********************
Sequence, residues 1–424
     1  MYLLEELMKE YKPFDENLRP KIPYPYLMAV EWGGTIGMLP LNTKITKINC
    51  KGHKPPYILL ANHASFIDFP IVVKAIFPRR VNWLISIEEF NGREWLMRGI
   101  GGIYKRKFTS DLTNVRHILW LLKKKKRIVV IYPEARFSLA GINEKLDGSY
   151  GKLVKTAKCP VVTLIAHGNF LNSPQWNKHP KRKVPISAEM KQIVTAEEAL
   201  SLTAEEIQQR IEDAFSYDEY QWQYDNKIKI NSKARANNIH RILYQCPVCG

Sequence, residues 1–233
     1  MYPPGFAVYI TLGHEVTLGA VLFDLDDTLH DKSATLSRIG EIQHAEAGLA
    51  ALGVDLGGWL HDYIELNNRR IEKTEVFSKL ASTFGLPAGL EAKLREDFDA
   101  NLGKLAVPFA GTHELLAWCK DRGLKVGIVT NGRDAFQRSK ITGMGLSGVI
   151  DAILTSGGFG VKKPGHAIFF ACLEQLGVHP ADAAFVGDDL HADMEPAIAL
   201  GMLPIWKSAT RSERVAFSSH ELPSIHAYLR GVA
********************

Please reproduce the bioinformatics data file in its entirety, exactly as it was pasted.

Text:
Sequence, residues 1–424
     1  MYLLEELMKE YKPFDENLRP KIPYPYLMAV EWGGTIGMLP LNTKITKINC
    51  KGHKPPYILL ANHASFIDFP IVVKAIFPRR VNWLISIEEF NGREWLMRGI
   101  GGIYKRKFTS DLTNVRHILW LLKKKKRIVV IYPEARFSLA GINEKLDGSY
   151  GKLVKTAKCP VVTLIAHGNF LNSPQWNKHP KRKVPISAEM KQIVTAEEAL
   201  SLTAEEIQQR IEDAFSYDEY QWQYDNKIKI NSKARANNIH RILYQCPVCG

Sequence, residues 1–233
     1  MYPPGFAVYI TLGHEVTLGA VLFDLDDTLH DKSATLSRIG EIQHAEAGLA
    51  ALGVDLGGWL HDYIELNNRR IEKTEVFSKL ASTFGLPAGL EAKLREDFDA
   101  NLGKLAVPFA GTHELLAWCK DRGLKVGIVT NGRDAFQRSK ITGMGLSGVI
   151  DAILTSGGFG VKKPGHAIFF ACLEQLGVHP ADAAFVGDDL HADMEPAIAL
   201  GMLPIWKSAT RSERVAFSSH ELPSIHAYLR GVA